West Africa being a muse for hip-hop music isn't a novelty, but for a generation raised on the negative stereotypes of the African continent portrayed by mainstream media, Afro Trap is a step in the right direction. The genre is created and made by second generation kids willing to loudly celebrate who they are: a mix of Western and African cultures and influences.

With MHD signing to Universal Music, does this mean that Afro Trap is about to blow up?

It’s possible. Although African-Caribbean-infused pop music has always been popular in France, many acts like Dealer 2 Zouk or Bisso Na Bisso have struggled to get past being one-hit wonders. French rapper Mokobé is one of the few that succeeded in having a career as a pop/hip-hop act.

Despite the complete lack of a political message in Afro Trap, many believe that the simple fact of having young Afro-descendants celebrating their culture of origins, is, by default, a political statement in itself. After all, Afro-Caribbean culture has, for decades inspired French pop, but never gotten paid its dues.

Afro Trap is a way for young Afro-descendants to feel represented in pop culture by celebrating a musical genre made with the sounds of coupé décalé, afrobeats and rumba, and words borrowed from their parents’ first languages. The dance moves are also of importance, because they help the public remember the lyrics and bring about a general “feel good” mood.

Afro Trap is created from the music, dances and sometimes languages of these rappers' parents—and made for everyone to enjoy. It’s time for Caribbean culture get the recognition it deserves in French pop culture. And Afro Trap is a way forward.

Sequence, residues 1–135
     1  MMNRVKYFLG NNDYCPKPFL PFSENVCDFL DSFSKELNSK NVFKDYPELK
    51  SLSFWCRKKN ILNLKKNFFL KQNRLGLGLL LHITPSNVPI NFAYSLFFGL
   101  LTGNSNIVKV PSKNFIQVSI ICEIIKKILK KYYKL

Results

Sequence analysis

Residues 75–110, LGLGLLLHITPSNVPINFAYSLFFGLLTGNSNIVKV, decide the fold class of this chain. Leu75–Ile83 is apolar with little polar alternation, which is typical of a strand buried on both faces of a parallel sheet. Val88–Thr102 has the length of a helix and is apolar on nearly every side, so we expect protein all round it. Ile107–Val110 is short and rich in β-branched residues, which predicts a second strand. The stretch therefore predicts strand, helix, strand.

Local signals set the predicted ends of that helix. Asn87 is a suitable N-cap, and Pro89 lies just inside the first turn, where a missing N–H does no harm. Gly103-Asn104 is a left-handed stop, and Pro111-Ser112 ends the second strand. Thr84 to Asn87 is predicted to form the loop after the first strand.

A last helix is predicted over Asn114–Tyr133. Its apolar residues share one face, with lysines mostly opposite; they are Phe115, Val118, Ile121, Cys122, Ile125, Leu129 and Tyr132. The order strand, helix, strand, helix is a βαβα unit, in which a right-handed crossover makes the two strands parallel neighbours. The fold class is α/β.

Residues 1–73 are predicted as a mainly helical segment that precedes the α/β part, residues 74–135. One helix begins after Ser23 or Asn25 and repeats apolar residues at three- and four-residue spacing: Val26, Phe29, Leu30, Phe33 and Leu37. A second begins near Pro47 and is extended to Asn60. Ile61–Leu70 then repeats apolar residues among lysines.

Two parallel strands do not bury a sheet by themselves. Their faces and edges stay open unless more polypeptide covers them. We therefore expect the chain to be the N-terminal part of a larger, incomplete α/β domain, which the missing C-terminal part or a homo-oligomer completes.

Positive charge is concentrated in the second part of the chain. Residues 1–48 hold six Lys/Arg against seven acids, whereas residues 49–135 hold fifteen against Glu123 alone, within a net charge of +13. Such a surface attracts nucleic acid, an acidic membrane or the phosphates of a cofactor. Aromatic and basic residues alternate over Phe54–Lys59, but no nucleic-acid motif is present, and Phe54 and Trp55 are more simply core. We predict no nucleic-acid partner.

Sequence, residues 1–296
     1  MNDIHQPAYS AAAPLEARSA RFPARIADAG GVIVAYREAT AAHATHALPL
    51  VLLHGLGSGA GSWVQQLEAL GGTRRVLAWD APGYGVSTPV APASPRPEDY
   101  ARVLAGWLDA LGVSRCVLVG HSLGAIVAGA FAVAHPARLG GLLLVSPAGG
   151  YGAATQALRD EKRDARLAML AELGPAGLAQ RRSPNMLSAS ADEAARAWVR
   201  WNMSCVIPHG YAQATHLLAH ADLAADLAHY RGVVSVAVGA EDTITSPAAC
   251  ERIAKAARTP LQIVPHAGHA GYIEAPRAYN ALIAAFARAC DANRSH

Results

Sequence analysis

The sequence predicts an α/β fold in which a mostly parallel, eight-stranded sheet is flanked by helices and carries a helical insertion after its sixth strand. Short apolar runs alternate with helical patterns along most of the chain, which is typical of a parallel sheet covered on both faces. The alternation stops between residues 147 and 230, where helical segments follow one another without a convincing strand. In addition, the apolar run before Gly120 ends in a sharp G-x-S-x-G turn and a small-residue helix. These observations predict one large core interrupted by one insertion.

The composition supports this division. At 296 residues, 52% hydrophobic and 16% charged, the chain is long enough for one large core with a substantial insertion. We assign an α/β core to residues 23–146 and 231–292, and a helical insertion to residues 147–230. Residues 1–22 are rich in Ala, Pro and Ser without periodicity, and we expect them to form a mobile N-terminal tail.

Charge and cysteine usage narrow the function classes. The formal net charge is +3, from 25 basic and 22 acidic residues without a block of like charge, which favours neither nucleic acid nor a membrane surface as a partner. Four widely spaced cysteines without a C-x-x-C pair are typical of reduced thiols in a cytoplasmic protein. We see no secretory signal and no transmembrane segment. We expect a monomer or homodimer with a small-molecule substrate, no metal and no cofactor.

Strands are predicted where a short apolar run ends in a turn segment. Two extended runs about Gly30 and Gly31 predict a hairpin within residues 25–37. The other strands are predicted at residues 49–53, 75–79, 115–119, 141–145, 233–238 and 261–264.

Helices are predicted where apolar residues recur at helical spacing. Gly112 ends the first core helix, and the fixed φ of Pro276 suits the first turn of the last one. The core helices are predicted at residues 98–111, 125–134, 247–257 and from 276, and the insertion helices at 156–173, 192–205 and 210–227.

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Artwork: Barthélémy Toguo Lockdown Selfportrait 10, 2020. Courtesy Galerie Lelong & Co

1-54 Contemporary African Art Fair Goes to Paris in 2021

The longstanding celebration of African art will be hosted by Parisian hot spot Christie's for the first time ever.

In admittedly unideal circumstances, 1-54 Contemporary African Art Fair will be touching French soil in 2021. The internationally celebrated art fair devoted to contemporary art from Africa and the African diaspora will be hosted in Paris, France from January 20 - 23. With COVID-19 still having its way around the globe, finding new ways to connect is what it's all about and 1-54 is certainly taking the innovative steps to keep African art alive and well.
In partnership with Christie's, the in-person exhibits will take place at the auction house's city HQ at Avenue Matignon, while 20 international exhibitors will be featured online at Christies.com. And the fun doesn't stop there as the collaboration has brought in new ways to admire the talent from participating galleries from across Africa and Europe. The fair's multi-disciplinary program of talks, screenings, performances, workshops, and readings are set to excite and entice revelers.

Artwork: Delphine Desane Deep Sorrow, 2020. Courtesy Luce Gallery


The tech dependant program, curated by Le 18, a multi-disciplinary art space in Marrakech medina, will see events take place during the Parisian run fair, followed by more throughout February.